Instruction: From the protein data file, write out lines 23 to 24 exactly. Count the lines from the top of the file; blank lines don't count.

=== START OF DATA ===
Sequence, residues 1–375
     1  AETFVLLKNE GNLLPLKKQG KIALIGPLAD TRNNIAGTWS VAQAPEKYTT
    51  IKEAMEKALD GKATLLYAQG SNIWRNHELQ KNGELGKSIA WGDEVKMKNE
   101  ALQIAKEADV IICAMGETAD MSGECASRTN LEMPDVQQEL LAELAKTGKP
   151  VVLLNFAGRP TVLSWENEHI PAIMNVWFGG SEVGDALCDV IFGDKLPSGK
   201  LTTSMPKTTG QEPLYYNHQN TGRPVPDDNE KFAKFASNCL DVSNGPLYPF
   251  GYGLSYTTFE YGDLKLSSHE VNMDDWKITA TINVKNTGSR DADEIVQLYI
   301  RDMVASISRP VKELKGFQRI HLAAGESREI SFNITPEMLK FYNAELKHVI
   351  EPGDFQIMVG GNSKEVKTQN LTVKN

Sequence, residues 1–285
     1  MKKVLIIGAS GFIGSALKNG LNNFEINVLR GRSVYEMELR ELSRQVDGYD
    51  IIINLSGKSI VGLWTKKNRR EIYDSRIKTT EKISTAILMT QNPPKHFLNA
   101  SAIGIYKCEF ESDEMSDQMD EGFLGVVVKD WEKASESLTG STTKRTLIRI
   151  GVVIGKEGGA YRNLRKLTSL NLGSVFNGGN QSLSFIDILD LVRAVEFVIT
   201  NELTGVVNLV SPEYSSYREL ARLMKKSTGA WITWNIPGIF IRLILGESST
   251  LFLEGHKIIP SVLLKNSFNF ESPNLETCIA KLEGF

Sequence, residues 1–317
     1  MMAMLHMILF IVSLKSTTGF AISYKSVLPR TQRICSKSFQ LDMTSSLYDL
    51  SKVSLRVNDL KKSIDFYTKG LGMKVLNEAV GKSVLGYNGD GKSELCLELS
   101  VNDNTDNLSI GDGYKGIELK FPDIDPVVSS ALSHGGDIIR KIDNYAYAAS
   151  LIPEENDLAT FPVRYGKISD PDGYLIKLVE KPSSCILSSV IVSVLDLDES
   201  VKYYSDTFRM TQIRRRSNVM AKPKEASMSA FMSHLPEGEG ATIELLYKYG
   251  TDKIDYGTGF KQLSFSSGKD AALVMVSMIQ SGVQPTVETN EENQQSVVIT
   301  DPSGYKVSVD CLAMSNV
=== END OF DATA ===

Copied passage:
   251  TDKIDYGTGF KQLSFSSGKD AALVMVSMIQ SGVQPTVETN EENQQSVVIT
   301  DPSGYKVSVD CLAMSNV